Out of the silence

By CONNIE NOLEN / Community Columnist

“Mrs. Nolen, I’m leading a team at the AFSP walk. They need photographers to document the event. There will be Pelham Park Middle School students there,” Liz Cochran’s text said. “Will you come and take pictures?”

Always happy to hear from Liz Cochran, I promised to attend. Discovering that AFSP stood for American Foundation for Suicide Prevention, I recalled a Pelham High School leadership group participating a few years ago.

Arriving at Veteran’s Park, my husband and I found Cochran registering walkers. We listened to a talented musician and marveled at the many teams present wearing shirts in memory of those lost to suicide. Soon we found Pelham Park Middle School Counselors Melba Holloway and Laura Cochran—who is also Liz Cochran’s mom. A Pelham Park Middle School student also arrived with her mom.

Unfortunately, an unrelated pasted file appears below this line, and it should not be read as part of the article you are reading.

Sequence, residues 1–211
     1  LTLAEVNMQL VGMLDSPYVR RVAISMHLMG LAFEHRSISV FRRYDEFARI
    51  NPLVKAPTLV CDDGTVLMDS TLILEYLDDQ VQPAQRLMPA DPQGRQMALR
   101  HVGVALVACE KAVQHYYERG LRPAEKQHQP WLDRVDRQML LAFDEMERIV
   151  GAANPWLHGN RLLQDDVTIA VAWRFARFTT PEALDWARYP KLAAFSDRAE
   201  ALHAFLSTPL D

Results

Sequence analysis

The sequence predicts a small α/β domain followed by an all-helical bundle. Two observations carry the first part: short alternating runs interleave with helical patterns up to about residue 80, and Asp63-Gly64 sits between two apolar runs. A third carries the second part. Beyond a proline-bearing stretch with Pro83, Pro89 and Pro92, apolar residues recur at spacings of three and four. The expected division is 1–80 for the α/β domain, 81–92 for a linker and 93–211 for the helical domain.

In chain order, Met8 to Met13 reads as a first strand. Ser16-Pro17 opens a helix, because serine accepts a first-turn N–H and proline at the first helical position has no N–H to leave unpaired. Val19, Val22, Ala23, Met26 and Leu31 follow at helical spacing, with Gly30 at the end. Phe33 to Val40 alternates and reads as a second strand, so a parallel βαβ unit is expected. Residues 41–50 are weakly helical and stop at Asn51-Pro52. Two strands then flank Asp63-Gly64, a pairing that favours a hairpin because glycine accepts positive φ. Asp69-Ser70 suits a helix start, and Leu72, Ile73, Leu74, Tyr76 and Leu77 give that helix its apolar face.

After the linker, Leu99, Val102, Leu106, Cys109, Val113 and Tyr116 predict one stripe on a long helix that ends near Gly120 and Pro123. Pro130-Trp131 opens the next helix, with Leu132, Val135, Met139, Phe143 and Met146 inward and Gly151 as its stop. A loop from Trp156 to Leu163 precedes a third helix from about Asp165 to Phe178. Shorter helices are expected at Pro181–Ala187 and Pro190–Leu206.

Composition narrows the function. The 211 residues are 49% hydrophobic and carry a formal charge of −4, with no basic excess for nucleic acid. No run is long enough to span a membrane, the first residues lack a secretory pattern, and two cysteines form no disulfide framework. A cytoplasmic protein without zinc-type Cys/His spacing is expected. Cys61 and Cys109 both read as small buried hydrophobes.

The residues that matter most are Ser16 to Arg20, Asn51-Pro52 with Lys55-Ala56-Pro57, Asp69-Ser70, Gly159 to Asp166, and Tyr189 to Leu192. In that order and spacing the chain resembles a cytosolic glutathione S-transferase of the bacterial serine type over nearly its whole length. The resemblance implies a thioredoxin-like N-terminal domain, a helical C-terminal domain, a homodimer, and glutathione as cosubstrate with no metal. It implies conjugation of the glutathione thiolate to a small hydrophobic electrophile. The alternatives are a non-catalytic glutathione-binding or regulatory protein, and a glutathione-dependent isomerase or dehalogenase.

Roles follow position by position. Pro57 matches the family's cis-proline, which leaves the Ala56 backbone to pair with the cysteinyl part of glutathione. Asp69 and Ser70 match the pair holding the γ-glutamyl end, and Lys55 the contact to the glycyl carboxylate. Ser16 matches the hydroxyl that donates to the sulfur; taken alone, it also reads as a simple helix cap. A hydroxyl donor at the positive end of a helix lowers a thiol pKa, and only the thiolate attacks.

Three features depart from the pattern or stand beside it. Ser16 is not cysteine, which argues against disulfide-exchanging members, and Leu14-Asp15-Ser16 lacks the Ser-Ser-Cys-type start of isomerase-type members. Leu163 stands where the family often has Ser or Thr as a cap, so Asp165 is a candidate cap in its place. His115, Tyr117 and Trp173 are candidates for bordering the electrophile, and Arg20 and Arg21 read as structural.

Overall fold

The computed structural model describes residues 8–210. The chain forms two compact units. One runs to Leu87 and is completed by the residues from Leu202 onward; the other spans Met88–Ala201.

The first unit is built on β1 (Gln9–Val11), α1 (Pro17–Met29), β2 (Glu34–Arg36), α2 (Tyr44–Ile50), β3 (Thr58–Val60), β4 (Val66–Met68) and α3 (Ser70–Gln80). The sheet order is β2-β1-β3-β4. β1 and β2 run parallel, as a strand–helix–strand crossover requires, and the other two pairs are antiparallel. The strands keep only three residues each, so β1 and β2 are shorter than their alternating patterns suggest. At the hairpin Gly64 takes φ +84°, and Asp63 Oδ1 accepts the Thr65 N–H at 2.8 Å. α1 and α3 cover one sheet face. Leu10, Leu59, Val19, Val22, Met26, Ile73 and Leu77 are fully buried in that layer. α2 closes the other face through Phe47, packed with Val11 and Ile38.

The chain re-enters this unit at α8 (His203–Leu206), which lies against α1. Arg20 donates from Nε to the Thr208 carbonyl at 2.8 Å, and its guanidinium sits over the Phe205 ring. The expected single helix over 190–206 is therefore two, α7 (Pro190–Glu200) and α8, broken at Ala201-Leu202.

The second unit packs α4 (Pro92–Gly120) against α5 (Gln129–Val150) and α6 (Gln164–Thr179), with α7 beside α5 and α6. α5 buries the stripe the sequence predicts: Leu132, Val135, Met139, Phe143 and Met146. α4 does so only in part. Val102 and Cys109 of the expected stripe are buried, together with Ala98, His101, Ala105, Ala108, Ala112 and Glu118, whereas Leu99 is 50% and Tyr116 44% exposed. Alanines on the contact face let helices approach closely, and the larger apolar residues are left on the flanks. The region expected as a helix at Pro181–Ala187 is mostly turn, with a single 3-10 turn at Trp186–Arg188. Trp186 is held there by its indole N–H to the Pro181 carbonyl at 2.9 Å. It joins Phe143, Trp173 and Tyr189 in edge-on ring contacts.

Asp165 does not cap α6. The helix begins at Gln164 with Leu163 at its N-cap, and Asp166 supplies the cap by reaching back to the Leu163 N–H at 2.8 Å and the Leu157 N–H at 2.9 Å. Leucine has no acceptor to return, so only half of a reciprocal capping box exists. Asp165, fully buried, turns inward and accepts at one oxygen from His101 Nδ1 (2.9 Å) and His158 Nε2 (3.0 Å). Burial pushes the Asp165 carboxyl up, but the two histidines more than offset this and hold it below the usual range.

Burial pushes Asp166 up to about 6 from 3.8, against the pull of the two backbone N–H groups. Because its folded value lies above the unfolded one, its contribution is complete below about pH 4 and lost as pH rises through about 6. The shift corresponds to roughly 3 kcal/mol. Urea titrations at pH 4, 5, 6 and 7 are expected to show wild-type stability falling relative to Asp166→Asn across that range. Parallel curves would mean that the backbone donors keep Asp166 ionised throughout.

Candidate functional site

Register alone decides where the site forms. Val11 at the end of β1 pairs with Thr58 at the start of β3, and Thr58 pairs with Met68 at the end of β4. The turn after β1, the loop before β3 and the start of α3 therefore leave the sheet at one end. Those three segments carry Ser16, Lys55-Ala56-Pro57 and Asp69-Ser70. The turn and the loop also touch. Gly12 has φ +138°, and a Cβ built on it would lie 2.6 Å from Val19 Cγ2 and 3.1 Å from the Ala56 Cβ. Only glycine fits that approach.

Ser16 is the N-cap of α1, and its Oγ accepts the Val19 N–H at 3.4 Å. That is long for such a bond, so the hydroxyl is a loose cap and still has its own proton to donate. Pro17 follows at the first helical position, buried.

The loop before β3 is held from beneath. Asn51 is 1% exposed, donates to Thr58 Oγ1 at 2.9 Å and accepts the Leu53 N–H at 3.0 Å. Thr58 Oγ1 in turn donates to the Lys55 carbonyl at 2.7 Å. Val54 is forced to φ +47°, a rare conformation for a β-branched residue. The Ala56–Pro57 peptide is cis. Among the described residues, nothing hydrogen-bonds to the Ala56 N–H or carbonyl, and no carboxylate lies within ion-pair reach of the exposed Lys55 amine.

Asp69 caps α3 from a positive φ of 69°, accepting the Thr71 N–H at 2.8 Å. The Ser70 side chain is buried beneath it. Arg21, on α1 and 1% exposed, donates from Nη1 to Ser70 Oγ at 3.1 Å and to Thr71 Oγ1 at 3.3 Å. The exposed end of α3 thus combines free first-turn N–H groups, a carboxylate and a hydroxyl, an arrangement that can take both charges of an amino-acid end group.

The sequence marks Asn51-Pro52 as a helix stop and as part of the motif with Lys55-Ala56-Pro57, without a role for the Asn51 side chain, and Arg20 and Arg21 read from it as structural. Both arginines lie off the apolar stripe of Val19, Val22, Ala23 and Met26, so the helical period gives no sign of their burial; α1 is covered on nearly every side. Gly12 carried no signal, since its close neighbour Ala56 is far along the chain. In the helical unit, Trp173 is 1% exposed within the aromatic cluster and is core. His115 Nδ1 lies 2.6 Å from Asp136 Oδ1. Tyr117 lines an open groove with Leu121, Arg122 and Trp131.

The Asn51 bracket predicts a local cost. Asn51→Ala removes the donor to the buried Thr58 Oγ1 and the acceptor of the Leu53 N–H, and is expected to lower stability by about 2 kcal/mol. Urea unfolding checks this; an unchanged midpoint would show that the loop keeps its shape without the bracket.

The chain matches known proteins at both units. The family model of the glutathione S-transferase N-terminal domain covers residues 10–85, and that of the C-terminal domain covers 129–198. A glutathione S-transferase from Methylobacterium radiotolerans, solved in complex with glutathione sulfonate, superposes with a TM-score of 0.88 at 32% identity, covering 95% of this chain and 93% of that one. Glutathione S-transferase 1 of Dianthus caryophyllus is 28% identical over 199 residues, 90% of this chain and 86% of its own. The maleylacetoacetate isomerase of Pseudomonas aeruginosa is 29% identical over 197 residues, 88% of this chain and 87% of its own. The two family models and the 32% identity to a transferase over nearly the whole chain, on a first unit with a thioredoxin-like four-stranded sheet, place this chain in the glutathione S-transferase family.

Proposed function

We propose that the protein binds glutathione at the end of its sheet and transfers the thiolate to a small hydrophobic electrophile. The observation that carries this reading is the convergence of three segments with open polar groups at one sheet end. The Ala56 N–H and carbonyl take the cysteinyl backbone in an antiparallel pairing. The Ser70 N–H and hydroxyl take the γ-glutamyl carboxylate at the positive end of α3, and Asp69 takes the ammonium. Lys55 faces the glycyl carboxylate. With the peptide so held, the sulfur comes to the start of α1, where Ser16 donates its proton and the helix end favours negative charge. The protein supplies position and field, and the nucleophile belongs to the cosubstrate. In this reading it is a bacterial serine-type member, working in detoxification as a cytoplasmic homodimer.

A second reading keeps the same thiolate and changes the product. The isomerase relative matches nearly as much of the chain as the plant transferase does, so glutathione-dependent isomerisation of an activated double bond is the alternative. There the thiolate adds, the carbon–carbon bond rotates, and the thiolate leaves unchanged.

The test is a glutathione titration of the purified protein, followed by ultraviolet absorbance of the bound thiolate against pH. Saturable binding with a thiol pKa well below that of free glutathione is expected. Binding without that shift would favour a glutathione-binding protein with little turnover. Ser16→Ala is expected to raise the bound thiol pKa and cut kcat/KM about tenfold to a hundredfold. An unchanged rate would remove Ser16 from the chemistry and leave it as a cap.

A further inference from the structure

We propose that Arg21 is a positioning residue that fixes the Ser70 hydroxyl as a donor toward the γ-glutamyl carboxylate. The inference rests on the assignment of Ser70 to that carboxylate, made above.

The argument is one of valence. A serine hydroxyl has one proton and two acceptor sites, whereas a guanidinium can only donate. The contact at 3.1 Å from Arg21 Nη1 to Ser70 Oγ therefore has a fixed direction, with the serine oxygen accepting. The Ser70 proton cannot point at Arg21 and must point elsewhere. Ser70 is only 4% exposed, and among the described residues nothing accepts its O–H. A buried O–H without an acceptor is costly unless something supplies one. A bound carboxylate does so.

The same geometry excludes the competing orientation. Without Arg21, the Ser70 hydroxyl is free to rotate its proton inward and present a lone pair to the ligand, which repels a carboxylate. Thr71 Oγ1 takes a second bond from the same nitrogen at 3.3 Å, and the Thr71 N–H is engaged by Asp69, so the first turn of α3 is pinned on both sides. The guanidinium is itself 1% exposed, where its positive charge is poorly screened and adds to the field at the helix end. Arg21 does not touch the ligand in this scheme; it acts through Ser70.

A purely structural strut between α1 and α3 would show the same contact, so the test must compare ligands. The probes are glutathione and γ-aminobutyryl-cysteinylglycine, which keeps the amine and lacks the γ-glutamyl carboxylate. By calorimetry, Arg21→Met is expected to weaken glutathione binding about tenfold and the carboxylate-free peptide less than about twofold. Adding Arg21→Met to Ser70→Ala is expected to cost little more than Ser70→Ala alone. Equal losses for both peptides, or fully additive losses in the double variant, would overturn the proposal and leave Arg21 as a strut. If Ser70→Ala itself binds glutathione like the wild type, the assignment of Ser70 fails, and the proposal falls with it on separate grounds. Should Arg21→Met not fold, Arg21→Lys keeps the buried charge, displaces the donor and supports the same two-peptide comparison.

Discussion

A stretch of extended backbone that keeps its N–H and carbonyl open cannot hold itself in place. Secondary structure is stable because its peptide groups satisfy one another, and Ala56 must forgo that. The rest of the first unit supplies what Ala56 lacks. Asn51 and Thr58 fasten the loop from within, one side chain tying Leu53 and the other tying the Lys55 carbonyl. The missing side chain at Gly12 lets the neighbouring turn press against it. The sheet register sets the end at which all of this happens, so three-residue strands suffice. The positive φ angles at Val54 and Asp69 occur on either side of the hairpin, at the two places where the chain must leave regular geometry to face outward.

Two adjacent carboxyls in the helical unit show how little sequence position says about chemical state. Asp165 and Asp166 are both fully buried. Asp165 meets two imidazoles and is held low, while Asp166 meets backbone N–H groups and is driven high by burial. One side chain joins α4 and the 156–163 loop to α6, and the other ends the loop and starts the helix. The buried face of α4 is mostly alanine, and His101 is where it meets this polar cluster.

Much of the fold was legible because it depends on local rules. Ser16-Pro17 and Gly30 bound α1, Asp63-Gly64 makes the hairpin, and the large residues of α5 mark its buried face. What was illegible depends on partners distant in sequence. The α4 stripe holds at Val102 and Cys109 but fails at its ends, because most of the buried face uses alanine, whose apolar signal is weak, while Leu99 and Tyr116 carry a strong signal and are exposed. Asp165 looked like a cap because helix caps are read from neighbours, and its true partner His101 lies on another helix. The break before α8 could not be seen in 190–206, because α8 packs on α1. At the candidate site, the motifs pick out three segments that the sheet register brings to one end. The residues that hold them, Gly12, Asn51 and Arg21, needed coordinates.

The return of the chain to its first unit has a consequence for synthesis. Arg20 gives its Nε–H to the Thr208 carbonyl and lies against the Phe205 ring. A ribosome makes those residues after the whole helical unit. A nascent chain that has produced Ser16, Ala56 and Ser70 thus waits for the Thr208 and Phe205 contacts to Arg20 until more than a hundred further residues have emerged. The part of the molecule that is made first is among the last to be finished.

With registration complete, Liz Cochran joined us. “What led you to AFSP?” I asked.

“Nursing students have so many choices for community service,” said Cochran, who will finish her Masters of Science in nursing this May, “so I asked our wonderful Department Chair Dr. McGuinness. Dr. McGuinness and her husband both recommended AFSP.”

As if on cue, Dr. Teena McGuinness, a smiling, energetic woman, emerged from the crowd. After introductions, she leaned toward me conspiratorially and said, “We’re trying to convince Liz to earn her PhD.”

After a few photos, we approached the starting line for the opening ceremonies.

“By being here, you’re sending a message that mental health is as real as physical health and that reaching out for help is a strong thing to do,” said AFSP Alabama Area Director Jennifer Fields Hall.

Sharing that AFSP invested over six million dollars in research, Hall detailed the foundation’s efforts that bring awareness to mental health issues and suicide prevention education to students, teachers and parents.

While this AFSP event remembers those lost to suicide, its primary focus is on celebrating courage, healing and hope.

Bringing suicide risk out of the darkness—and out of the silence—saves lives. Why walk? Because moving forward—and supporting one another—saves us all.